Everybody’s a Faloul

Egypt Blog
An Egyptian street vendor sells the country's national flag and masks of the Egypt's Defence Minister General Abdel Fattah al-Sisi as voters queue outside the polling station during the second day of voting on a new constitution on January 15, 2014 in the southern Cairo Giza district. Egyptians resumed voting in the constitutional referendum, with turnout expected to hold the key to a likely presidential bid by al-Sisi after clashes killed nine the previous day. AFP PHOTO / KHALED DESOUKI        (Photo credit should read KHALED DESOUKI/AFP/Getty Images)

An Egyptian street vendor sells the country’s national flag and masks of the Egypt’s Defence Minister General Abdel Fattah al-Sisi as voters queue outside the polling station during the second day of voting on a new constitution on January 15, 2014 in the southern Cairo Giza district. Egyptians resumed voting in the constitutional referendum, with turnout expected to hold the key to a likely presidential bid by al-Sisi after clashes killed nine the previous day. AFP PHOTO / KHALED DESOUKI (Photo credit should read KHALED DESOUKI/AFP/Getty Images)

Egypt took one step forward on the military-backed post-revolutionary roadmap this week following the unsurprising approval of a controversial constitution. But this sentence could very well have been written in March 2011 or December 2012, and if the past is any indication of the future, we may be seeing it again soon following the collapse of the “third republic.” So while it may have been one step forward, we are now waiting for the inevitable two steps back.

Egypt today is arguably more divided than at any time since the January 25 revolution. To look at the news coverage in the country, with reports of car bombings and Al-Qaeda affiliates, Egypt more closely resembles Iraq or Syria than itself before the revolution. At least 14 people were reported killed and 444 arrested over the two-day constitutional referendum despite, or perhaps because of, the huge security presence. This is just part of a larger trend of Egypt’s new decision-makers stamping their authority on the country by literally stamping all over the former rulers. The only difference is that this time it is the military that is once more in power, while the faloul —the remnants of the former regime—are the Muslim Brotherhood.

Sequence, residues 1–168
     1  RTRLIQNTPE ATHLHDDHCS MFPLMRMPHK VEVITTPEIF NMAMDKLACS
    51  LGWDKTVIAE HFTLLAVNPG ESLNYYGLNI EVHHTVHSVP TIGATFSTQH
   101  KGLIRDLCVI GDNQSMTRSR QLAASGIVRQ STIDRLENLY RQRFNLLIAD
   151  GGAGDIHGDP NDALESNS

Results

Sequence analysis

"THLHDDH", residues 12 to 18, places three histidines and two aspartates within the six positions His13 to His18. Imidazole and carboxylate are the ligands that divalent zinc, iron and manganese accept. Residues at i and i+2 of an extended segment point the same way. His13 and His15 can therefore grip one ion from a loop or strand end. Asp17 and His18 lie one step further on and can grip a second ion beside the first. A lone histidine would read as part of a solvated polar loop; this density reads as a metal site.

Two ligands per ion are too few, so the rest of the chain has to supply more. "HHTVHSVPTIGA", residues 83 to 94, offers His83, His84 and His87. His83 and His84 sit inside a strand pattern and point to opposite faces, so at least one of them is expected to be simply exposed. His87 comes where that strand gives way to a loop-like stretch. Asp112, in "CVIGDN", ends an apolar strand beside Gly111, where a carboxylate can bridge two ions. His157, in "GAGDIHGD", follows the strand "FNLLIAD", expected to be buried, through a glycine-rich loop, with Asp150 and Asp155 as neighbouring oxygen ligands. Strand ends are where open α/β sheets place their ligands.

Egypt’s military-backed interim government has taken a number of calculated decisions following former President Mohamed Mursi’s ouster on July 3, 2013—variously described as a military coup or a second or “corrective” revolution—to secure its grip on power. But lately, power in Egypt is more like a wet bar of soap—the tighter you hold it, the faster it will slip from your grasp. That is a lesson the Muslim Brotherhood and Mursi failed to learn. Will Egypt’s interim government and its popular defense minister, Gen. Abdel-Fattah El-Sisi, do any better?